Journal of Okayama Medical Association
Published by Okayama Medical Association

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硫酸抱合型bilirubinに関する研究 第1編 Heterozygote Gunn ratの胆汁中への硫酸抱合型bilirubinの排泄能

渡部 寛 岡山大学医学部第一内科教室
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抄録
The nature of biochemically synthetic bilirubin sulfate was examined on detail, and bilirubin sulfate and bilirubin glucuronide were measured in bile of heterozygote Gunn rat and Wister strain rat. Further, after the intrvenous injection of (3)H-bilirubin sulfate into heterozygote Gunn rats and Wister strain rats, the biliary excretion rate of bilirubin sulfate was studied in them. The following results were gained by these studies. 1) The absorption peak was 452 nm in the synthetic bilirubin sulfate solution, pH 2.2, and its azo pigment showed each peak absorptions at 535-545 nm in pH 2.0 and at 565-575 nm in pH 1.0. The molar ratio between bilirubin and sulfate in the band of thin layer chromatography showing an Rf of 0.26 was determined from 1.72 to 1.96 with a mean of 1.78±0.09 S.D.. These data suggest that this compound is bilirubin disulfate. 2) In the bile of Gunn rats and Wister strain rats, the molar ratio of glucuronic acid to esterfrom bilirubin was inversely proportional to that of sulfate radical to direct bilirubin (r=-0.74, p<0.05). This implies that the conjugation of bilirubin with sulfate increases compensatedly as compared to the disturbance of that of bilirubin with glucuronic acid. 3) The excretion ratios of 2 hours to 24 hours in the intravenous (3)H-bilirubin sulfate loading were 54.2% in Gunn rats and 63.4% in Wister strain rats. This finding supports the concept that bilirubin sulfate is easily excreted in the bile. The biliary excretion within 24 hours following the administration of bilirubin sulfate was 40.4% in Gunn rats and 69.4% in Wister strain rats, and these excretion rates decreased in parallel with the decrease of molar ratio in bilirubin glucuronide (r=0.96, p<0.01). It is suggested that the ability to excrete bilirubin sulfate may be the limiting factor in the existence of defective hepatic bilirubin glucuronidation.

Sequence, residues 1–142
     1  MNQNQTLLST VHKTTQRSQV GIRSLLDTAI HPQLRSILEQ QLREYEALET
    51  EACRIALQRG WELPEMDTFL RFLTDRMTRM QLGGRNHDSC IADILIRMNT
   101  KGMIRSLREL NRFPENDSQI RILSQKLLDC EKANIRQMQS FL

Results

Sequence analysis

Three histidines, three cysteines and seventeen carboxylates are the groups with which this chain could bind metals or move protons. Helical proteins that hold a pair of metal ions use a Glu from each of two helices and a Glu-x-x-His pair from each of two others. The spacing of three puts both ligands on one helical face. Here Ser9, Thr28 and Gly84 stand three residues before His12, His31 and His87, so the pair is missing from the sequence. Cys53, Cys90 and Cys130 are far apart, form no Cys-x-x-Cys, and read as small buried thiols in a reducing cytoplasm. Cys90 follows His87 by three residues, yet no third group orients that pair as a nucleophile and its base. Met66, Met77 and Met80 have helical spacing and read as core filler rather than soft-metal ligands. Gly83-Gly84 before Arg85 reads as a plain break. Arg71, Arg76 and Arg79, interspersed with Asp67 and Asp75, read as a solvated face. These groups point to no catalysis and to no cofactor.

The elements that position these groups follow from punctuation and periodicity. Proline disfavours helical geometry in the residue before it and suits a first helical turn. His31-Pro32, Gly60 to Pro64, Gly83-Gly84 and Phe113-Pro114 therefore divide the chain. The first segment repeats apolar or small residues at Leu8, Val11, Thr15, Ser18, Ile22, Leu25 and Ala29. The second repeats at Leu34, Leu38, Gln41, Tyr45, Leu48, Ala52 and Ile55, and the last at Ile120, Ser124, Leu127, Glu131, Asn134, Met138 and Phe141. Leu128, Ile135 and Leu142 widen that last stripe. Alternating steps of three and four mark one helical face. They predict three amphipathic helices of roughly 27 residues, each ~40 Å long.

ISSN
0030-1558
NCID
AN00032489